Table 3 Learning curve

Click here to view

  Discussion Top

In 1985, Strickler et al.[9] first reported the use of USG guidance during ET and it was proven to have positive effect on success of ET. Many RCTs and meta-analysis have proven that the USG guidance during ET significantly improved the implantation rate and clinical pregnancy rate and made the procedure all the more easy.[3],[4],[5],[6],[7],[8]

ASRM committee recommends TA ultrasound guidance during ET to improve clinical pregnancy rate and live-birth rate based on grade A evidence from 10 RCTs.[10] Although ET technique is standardized with the development of common protocol by ASRM, there was no standardized technique defined in literature for the USG guidance during ET. In our study, a training module, which was developed by the head of our IVF unit, defining the steps of transabdominal guidance during ET has been tested and validated. Transabdominal ultrasound guidance was evaluated before and after training during trial ET for each doctor and overall. Guidance evaluation was done with five different scores: USG assessment score, TAG score, catheter prediction score, TET performance score and difficulty prediction score.

In a prospective study by Ghaffari et al.,[11] effects of easy and difficult ETs on implantation and pregnancy rate were analysed in 706 ETs over 1 year period. They found a significantly higher implantation (21.7%) and pregnancy rate (38.1%) in easy group compared to difficult group (12.1% and 21.4% with p-value <.05). They concluded that difficult ETs adversely affect the IVF outcome and precautions must be taken to identify those difficult cases in advance. In another prospective study conducted during January 2017 to January 2018, Fayed et al.[12] investigated clinical and ongoing pregnancy rate in difficult ET cases among 417 women who underwent ET; they found that the biochemical, clinical and ongoing pregnancy rate were significantly reduced in difficult ET compared to easy ETs (ORs 0.5, 95% CI: 0.31–0.83); 0.48, 95% CI: 0.29–0.79; 0.36, 95% CI: 0.21–0.62, respectively).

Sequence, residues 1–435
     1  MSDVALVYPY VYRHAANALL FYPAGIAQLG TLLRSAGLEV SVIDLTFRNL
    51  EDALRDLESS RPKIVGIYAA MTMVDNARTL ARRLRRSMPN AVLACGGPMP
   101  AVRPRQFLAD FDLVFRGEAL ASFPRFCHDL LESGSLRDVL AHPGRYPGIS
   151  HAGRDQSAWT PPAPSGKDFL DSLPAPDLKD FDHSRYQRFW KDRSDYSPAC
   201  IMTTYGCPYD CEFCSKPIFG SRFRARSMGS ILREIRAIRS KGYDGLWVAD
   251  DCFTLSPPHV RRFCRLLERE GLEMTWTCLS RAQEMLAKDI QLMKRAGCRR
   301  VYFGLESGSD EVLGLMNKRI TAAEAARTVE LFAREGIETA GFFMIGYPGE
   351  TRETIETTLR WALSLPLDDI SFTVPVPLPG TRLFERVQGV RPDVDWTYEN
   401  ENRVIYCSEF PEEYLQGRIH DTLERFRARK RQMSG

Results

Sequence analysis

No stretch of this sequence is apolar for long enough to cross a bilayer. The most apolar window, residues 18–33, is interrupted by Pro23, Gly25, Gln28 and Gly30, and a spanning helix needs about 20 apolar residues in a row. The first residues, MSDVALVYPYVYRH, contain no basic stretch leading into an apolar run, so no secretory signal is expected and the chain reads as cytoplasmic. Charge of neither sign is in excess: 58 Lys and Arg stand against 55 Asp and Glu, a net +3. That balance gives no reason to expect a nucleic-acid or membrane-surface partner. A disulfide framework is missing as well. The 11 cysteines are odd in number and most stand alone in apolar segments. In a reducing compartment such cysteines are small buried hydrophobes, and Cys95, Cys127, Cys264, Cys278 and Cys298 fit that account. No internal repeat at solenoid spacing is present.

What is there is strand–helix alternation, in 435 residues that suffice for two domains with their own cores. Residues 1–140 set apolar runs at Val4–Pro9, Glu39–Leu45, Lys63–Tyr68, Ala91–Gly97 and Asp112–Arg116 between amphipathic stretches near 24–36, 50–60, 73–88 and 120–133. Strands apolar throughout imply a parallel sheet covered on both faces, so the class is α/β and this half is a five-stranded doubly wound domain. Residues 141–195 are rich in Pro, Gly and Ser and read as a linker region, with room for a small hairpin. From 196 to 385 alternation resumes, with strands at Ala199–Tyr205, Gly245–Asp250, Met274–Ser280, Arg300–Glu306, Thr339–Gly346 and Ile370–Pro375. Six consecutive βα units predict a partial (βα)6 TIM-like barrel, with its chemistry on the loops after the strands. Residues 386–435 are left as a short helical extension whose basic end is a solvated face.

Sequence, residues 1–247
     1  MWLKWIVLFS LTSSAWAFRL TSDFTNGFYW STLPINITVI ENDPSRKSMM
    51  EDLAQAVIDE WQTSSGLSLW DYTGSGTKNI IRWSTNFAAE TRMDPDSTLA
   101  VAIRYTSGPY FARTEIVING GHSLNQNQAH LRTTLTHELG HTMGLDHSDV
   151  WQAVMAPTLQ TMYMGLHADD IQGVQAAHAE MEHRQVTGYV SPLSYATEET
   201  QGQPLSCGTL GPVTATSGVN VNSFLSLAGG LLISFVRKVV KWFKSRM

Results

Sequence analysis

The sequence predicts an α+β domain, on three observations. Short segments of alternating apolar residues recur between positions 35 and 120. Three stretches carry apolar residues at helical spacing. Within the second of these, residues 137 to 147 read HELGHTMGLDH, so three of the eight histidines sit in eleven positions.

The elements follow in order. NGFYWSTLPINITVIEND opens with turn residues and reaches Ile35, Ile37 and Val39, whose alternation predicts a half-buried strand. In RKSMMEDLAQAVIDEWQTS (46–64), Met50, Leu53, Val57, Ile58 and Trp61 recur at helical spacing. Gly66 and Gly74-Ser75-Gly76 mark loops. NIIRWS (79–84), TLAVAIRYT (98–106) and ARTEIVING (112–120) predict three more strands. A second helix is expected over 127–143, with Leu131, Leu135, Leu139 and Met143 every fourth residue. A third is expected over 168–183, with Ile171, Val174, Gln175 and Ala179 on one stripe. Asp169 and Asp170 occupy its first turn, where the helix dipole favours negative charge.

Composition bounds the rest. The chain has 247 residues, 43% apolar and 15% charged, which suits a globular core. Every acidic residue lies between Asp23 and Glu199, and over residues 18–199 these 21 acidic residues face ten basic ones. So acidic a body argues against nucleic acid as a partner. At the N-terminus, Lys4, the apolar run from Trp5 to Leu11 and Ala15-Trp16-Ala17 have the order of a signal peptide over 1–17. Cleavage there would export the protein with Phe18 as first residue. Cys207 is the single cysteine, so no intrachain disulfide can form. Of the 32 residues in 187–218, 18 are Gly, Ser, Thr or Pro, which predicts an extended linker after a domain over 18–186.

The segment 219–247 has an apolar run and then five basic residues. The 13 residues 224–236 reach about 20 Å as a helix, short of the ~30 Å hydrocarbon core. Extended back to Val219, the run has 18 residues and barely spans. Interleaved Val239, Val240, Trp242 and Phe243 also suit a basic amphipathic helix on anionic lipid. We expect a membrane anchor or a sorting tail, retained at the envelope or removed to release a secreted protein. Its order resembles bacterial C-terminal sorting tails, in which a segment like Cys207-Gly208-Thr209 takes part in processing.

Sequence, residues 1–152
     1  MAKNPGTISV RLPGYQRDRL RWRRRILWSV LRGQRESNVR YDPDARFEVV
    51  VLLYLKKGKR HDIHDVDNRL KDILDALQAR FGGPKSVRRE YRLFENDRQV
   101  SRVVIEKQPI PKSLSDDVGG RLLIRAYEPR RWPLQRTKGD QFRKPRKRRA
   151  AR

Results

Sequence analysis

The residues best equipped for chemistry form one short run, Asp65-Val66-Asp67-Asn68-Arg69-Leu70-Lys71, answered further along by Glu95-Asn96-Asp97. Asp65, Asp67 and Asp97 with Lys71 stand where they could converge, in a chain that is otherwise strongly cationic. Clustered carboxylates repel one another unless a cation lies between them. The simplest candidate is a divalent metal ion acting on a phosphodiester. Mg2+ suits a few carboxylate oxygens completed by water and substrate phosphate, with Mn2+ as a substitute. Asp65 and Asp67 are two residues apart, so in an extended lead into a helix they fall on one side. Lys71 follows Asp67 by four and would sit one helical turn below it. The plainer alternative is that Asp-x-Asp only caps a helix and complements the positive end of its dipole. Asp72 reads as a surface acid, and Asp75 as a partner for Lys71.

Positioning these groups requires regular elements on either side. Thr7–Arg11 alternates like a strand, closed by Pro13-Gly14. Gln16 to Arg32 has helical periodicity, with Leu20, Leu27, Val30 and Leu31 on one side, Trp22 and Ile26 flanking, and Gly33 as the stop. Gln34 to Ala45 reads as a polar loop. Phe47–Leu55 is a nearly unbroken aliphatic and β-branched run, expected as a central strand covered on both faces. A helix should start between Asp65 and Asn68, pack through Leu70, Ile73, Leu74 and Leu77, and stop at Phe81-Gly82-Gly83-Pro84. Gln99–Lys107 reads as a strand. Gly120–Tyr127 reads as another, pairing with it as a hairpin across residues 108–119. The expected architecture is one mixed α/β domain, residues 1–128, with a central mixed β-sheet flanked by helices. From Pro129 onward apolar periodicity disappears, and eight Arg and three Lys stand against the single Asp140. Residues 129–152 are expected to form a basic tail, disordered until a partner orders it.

However, there are no standard assessment techniques to predict these difficult cases beforehand; if these cases are encountered unexpectedly, it lowers the pregnancy rate. In our study, the training module defining steps of trajectory assessment, predictions of catheter type and difficulty level were tested and we found a statistically significant (p-value .003) improvement in difficulty prediction in post-training (84% correct prediction) compared to pre-training (67% correct prediction). Prediction of difficult cases beforehand and taking necessary precautions can minimise the difficulties during ET and improve pregnancy rate.A literature review was published by Schoolcraft et al.[13] on techniques and variables affecting the success of ET outcome. In the review, potential advantages of transabdominal ultrasonographic guidance during ET were reported as follows. It helps in assessment of endometrium and ovaries for any condition that precludes ET, facilitates placement of soft-type catheter, ensures that catheter has passed beyond internal os − especially in patients with elongated cervical canal, helps in directing the catheter along contour of uterine cavity, helps to avoid touching the fundus and thereby avoiding the initiation of uterine contractions and helps to avoid disrupting the endometrium and plugging of catheter tip with the endometrium and instigation of bleeding. However, the technique of transabdominal USG guidance during ET to achieve these potential advantages was not described.